As the world’s most populous country, China offered social media many users. In fact, China has around 591 million internet users which is more than double the number of users from the US. In addition, China has the world’s most active environment for social media, as more than 300 million people use social media sites. Also, Chinese people spend more than 40 percent of their time online, making them more active than those of any other country. What’s more, in 80 percent of the cases, they have multiple accounts. Another interesting aspect of the Chinese user of social media, is that they are more likely to buy something recommended by another social media user. As you can now imagine, social media in China is flourishing.
However, the government exerts impressive control over social networks. They have blocked global networks such as Facebook or Twitter and censored home-grown networks such as RenRen or Sina Weibo. Moreover, the government insists on a real name policy and also allows censors to delete posts if and as they see fit. There’s also a law that states that if a post is inaccurate and has more than 500 shares, the person who posted it in the first place can be sent to prison.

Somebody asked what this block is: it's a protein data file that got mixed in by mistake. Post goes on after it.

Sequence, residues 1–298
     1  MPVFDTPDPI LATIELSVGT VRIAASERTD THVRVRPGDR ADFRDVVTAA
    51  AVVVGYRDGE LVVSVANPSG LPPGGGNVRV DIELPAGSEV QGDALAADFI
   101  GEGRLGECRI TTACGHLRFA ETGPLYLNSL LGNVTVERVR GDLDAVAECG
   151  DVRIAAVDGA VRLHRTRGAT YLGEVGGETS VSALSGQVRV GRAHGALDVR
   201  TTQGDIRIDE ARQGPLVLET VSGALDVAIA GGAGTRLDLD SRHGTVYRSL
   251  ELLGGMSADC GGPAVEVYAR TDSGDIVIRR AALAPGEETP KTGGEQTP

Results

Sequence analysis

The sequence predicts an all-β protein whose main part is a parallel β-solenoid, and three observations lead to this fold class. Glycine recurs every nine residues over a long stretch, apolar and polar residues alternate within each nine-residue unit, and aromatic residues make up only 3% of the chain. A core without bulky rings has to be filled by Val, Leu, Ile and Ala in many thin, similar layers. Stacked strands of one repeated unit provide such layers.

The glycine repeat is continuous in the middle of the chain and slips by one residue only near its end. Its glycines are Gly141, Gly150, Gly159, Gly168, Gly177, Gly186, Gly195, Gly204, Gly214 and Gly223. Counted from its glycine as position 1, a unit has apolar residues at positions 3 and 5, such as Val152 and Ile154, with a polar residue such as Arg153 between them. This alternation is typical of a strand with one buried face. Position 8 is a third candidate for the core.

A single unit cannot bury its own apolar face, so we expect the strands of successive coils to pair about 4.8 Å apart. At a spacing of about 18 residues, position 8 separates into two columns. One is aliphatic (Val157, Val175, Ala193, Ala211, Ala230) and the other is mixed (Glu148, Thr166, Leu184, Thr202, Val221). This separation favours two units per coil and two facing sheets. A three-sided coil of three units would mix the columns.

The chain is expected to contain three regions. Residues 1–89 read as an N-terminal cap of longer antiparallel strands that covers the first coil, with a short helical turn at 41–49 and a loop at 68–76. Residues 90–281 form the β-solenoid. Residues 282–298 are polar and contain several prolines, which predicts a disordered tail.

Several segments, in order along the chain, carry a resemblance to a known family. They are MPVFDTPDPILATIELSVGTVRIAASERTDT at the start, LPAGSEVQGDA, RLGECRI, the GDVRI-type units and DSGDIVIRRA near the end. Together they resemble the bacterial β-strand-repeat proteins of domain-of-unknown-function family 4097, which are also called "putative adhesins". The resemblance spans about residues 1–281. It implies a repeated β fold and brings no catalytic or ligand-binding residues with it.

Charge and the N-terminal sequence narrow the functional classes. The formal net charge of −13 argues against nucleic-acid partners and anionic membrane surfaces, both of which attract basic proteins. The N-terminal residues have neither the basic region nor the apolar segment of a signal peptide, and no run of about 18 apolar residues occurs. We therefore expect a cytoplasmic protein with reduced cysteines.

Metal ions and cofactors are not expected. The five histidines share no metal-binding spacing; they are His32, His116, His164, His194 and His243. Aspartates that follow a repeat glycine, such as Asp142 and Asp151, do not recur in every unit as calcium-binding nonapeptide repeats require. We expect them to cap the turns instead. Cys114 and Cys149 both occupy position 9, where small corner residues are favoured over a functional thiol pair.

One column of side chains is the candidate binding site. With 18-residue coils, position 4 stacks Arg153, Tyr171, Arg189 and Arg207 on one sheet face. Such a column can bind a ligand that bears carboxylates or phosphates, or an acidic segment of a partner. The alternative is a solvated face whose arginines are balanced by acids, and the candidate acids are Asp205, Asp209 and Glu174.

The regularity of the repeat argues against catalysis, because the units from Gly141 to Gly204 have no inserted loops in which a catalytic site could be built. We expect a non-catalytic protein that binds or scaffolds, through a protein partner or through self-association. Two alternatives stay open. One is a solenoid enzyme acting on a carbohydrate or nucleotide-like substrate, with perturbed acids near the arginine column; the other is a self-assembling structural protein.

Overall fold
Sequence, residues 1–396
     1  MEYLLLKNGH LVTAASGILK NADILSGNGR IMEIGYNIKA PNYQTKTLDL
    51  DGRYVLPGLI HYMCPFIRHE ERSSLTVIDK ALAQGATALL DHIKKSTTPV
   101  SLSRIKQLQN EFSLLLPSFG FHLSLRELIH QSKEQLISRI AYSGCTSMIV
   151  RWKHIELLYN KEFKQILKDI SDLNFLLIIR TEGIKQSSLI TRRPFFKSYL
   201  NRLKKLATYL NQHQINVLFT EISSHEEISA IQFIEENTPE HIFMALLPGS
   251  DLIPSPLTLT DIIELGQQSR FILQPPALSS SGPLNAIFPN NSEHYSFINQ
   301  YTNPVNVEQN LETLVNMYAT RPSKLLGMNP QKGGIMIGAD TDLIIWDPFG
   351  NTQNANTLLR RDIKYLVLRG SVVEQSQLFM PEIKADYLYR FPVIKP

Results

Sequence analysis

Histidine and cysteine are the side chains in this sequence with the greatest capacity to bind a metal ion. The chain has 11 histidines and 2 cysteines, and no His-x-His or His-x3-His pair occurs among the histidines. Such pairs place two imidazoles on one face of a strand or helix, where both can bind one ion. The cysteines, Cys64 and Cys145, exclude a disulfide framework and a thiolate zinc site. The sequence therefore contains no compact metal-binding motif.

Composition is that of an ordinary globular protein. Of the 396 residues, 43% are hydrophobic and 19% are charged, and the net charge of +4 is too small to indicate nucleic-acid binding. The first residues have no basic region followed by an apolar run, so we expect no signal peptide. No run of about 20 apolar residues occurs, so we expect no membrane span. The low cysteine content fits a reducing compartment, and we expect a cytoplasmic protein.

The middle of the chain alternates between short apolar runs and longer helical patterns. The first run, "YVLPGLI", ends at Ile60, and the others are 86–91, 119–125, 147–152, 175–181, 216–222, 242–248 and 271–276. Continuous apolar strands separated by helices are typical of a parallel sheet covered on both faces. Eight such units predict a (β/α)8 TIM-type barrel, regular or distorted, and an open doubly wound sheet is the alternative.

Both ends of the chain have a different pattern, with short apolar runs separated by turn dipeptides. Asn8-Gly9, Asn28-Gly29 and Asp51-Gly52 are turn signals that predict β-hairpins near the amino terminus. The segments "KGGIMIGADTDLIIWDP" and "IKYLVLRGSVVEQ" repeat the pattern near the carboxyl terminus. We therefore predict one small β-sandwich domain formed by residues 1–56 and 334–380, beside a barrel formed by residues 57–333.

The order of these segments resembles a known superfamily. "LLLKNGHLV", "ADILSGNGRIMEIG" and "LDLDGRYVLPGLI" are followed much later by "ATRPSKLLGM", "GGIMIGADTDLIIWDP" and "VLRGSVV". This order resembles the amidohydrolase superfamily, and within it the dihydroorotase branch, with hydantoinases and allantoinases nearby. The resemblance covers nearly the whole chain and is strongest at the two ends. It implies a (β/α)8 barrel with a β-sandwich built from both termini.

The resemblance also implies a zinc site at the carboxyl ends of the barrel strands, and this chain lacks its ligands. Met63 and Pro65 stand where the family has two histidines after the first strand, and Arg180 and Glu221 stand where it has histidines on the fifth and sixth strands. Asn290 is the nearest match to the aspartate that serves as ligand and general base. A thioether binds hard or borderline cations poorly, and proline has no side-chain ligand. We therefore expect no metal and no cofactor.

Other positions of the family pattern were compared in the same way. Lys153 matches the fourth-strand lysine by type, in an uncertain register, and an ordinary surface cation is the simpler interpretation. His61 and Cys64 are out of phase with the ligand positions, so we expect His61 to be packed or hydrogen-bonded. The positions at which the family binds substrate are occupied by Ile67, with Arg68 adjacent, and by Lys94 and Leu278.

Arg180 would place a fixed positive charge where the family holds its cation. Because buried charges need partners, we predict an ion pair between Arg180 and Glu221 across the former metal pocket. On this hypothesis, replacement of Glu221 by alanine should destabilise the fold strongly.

Social media in China?
There are several social networks, that resemble those we all know: Facebook, Twitter, LinkedIn or Youtube.
Social media in China has three networks that resemble Facebook and they are: RenRen, Pengyou and Kaixin 101. They have millions of users, though they are starting to lose ground as they are not mobile friendly and the Chinese use their mobiles mostly.
There are two networks in China that resemble Twitter: Sina Weibo ( the most popular) and Tencent Weibo. Users on Sina Weibo used to be quite outspoken, until censorship took over the site, which cause a loss in users.
The Chinese counterpart for Youtube is YouKu, which is the most popular and has the most visitors.
All in all social media flourishes in China due to the vast number of users and the time they spend online. However, the censorship and the control exerted by the Chinese government make free speech and privacy unattainable. How would you feel if you were censored on social media?
References: socialmediatoday.com, mckinsey.com
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